2/26/2018: The headphone jack isn’t dead yet, Yahoo Finance

I revisited a theme of last year’s MWC coverage to note that most phone vendors are not following Apple and Google’s foolish removal of the headphone jack. But with Sony, Huawei and Nokia introducing at least some models without that old but perfectly functional audio output, I’m not feeling too confident about the industry’s direction.

2/28/2018: How 5G wireless will soon supercharge the internet, Yahoo Finance

After years of hype about 5G, the next wireless standard is starting to look less vaporous–and some key industry figures are dialing back that hype.

2/28/2018: Don’t buy these smartphones through your carrier, Yahoo Finance

I’ve been arguing for years that you shouldn’t buy your phone from your wireless carrier, but at MWC three of the big four made that point for me by pricing the Galaxy S9 and S9 Plus at least $70 over what you’d pay–with interest-free installment payments available–at Samsung’s own site.

CityLab broadband-map post2/28/2018: The Problem With America’s New National Broadband Map, CityLab

The Federal Communications Commission relaunched its broadband map, but the much better-looking version suffers from the same information gaps as ever. So does a privately-run site that draws on the same FCC filings as the map.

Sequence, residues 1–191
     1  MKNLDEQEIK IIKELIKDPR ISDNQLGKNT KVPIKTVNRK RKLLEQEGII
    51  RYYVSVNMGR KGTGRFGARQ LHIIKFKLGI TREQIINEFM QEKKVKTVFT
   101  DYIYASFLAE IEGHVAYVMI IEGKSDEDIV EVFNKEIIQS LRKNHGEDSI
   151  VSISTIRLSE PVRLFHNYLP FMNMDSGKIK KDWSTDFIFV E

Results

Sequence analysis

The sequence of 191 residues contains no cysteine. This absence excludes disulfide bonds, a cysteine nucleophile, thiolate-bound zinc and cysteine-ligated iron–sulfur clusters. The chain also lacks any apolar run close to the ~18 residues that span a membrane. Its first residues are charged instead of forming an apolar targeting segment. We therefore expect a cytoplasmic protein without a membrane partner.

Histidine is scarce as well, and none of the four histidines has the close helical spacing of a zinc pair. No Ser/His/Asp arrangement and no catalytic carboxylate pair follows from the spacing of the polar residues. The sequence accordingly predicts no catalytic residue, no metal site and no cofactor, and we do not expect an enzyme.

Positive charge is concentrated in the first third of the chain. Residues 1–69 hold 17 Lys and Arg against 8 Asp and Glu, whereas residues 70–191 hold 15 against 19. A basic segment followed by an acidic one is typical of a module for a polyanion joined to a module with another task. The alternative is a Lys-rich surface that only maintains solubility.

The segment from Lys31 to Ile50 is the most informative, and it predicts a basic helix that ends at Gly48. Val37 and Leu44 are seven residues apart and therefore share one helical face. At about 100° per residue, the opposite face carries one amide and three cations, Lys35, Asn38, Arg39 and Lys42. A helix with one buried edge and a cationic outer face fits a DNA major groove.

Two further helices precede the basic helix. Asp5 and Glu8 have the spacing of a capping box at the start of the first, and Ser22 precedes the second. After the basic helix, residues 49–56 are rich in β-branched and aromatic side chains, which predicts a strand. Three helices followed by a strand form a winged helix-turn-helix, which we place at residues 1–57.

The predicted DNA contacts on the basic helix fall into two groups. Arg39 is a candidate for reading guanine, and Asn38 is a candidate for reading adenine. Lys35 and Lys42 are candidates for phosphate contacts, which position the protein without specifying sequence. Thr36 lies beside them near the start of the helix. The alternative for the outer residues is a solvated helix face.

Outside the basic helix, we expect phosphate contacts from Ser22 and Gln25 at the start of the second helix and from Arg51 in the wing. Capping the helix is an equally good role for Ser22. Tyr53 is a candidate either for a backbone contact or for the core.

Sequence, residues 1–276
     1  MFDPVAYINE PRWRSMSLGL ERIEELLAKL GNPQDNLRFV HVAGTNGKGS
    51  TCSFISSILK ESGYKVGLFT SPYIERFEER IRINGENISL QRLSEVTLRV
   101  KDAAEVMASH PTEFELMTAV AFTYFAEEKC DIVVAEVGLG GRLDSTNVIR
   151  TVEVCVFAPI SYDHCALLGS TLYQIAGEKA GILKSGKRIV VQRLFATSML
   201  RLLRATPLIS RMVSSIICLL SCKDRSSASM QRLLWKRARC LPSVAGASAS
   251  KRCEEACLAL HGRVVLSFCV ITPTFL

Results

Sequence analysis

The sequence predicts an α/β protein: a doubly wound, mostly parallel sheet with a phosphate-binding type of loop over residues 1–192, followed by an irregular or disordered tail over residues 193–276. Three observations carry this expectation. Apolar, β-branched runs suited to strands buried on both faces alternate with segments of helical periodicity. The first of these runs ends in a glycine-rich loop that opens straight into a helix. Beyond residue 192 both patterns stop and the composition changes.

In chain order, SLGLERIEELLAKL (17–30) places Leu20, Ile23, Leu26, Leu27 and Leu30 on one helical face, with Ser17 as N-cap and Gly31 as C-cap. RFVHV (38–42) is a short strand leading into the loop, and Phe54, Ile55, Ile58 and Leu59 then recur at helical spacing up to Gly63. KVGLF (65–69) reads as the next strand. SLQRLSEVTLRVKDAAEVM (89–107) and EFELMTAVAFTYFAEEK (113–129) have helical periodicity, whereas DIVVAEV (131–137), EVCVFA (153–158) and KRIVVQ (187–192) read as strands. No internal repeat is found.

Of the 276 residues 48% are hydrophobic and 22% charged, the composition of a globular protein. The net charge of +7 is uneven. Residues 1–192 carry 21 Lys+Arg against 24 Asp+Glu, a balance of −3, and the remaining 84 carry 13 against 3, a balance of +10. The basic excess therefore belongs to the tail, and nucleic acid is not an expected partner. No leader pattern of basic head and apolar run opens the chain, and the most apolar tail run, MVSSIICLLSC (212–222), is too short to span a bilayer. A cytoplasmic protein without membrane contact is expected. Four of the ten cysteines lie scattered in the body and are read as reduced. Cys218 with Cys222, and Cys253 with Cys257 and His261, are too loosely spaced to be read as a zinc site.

2/28/2018: The best cell phone plans, Wirecutter

I updated this guide to reflect more generous plans at many prepaid and resold services. But within a day of the revised guide’s publication, AT&T reworked its pricing for unlimited data, so we’ll have to update the guide yet again to account for that.

3/2/2018: The 6 strangest gadgets from Mobile World Congress 2018, Yahoo Finance

I had fun writing this look at the weirder hardware I saw at MWC–the last piece I filed from the show, shortly before they shut down the press room Wednesday night.

3/3/2018: Twitter spam, Al Jazeera

The news network’s Arabic-language channel had me on (overdubbed live into Arabic) to talk about an outbreak of Twitter spam in Saudi Arabia. The point I made: Going back to Usenet, every popular social platform has inevitably been abused by spammers and con artists.